Since CentOS announced the following statement on Dec. 8th, 2020 last week:
The future of the CentOS Project is CentOS Stream, and over the next year we’ll be shifting focus from CentOS Linux, the rebuild of Red Hat Enterprise Linux (RHEL), to CentOS Stream, which tracks just ahead of a current RHEL release. CentOS Linux 8, as a rebuild of RHEL 8, will end at the end of 2021. CentOS Stream continues after that date, serving as the upstream (development) branch of Red Hat Enterprise Linux.
Meanwhile, we understand many of you are deeply invested in CentOS Linux 7, and we’ll continue to produce that version through the remainder of the RHEL 7 life cycle.
there is a lot of disappointment within the CentOS community. People like CentOS because it’s a rebuild of RHEL and it has had a very good reputation on stability.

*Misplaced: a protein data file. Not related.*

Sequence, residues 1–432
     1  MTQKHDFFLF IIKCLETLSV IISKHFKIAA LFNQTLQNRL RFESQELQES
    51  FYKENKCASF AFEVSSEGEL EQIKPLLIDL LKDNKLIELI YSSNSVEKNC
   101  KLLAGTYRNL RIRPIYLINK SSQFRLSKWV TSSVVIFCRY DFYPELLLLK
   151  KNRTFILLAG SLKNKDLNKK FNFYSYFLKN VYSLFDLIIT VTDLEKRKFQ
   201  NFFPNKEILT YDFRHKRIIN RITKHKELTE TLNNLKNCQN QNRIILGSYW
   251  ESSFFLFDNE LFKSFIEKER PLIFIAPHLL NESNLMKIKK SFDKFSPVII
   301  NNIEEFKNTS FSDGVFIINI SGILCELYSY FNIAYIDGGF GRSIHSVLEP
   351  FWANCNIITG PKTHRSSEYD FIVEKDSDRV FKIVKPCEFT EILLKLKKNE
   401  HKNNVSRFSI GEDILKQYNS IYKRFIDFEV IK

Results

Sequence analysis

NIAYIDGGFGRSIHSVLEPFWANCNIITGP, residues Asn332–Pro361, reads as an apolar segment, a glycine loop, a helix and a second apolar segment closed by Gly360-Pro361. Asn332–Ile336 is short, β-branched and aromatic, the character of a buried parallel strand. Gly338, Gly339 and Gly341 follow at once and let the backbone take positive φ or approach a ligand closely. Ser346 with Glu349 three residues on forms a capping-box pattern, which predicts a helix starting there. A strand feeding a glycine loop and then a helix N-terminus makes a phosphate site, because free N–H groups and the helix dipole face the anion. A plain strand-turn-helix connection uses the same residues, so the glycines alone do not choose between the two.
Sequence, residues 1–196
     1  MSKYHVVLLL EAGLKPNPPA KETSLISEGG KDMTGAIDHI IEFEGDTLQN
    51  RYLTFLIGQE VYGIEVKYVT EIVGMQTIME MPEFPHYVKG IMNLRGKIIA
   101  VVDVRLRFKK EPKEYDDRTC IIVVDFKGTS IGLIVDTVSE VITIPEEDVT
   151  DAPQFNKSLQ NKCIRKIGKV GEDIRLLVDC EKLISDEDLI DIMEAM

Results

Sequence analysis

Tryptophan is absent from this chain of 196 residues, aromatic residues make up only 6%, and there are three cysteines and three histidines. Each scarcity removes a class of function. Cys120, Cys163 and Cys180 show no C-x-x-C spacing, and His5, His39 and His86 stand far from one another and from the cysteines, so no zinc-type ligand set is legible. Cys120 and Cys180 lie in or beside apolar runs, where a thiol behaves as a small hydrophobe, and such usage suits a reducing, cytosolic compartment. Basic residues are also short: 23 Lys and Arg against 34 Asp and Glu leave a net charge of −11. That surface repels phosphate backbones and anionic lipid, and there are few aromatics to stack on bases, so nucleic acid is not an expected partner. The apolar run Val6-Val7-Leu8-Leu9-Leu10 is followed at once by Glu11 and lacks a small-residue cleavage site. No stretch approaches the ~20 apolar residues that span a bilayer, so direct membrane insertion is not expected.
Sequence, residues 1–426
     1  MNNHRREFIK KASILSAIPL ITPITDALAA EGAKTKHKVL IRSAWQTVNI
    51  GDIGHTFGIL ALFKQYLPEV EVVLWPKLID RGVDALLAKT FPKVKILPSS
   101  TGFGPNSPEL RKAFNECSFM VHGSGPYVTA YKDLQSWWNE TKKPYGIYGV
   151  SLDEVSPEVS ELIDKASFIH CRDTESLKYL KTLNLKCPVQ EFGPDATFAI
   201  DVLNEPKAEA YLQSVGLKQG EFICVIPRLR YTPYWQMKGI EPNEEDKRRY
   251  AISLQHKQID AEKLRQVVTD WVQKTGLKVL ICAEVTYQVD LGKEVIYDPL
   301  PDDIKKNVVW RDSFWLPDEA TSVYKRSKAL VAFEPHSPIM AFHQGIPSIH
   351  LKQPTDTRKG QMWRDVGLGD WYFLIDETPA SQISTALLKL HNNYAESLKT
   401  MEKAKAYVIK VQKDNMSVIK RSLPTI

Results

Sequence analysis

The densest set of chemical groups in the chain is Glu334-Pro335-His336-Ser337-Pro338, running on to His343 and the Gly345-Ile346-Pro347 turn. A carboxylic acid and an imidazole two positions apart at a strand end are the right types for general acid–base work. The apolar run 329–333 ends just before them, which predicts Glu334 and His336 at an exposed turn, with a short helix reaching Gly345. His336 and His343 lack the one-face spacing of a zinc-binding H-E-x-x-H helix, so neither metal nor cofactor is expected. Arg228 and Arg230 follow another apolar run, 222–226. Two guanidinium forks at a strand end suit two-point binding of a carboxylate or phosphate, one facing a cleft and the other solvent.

The original founder of CentOS, Gregory Kurtzer has started a new project Rocky Linux right after that announcement. It is to achieve the original goals of CentOS — be a downstream, complete binary-compatible release using the Red Hat Enterprise Linux (RHEL) operating system source code.
When I read the news, my first thought for CentOS users is why not give Oracle Linux a try? I used to play CentOS for my personal interests. Ever since my orginization started to use Oracle Linux in our products more than 10 years ago, I’ve been using it.
It’s a rebuild of RHEL although it has it’s own kernel. It also has a RHEL Compatible Kernel. It’s stable, 100% application binary compatible with RHEL. And it’s FREE if Oracle support is NOT needed.
Interestingly enough, 4 days after that announcement, Oracle blogged “Need a stable, RHEL-compatible alternative to CentOS? Three reasons to consider Oracle Linux“. As a CentOS user which is just abandoned by RedHat, you might think about it twice — who knows what next moves those evil big companies will take? For them, it’s alway a profit driven business.
Anyway as they bragged it’s been free for 14 years and they’ve even put a script to help CentOS users to migrate to Oracle Linux from CentOS, it’s always good to have a backup solution in mind, huh?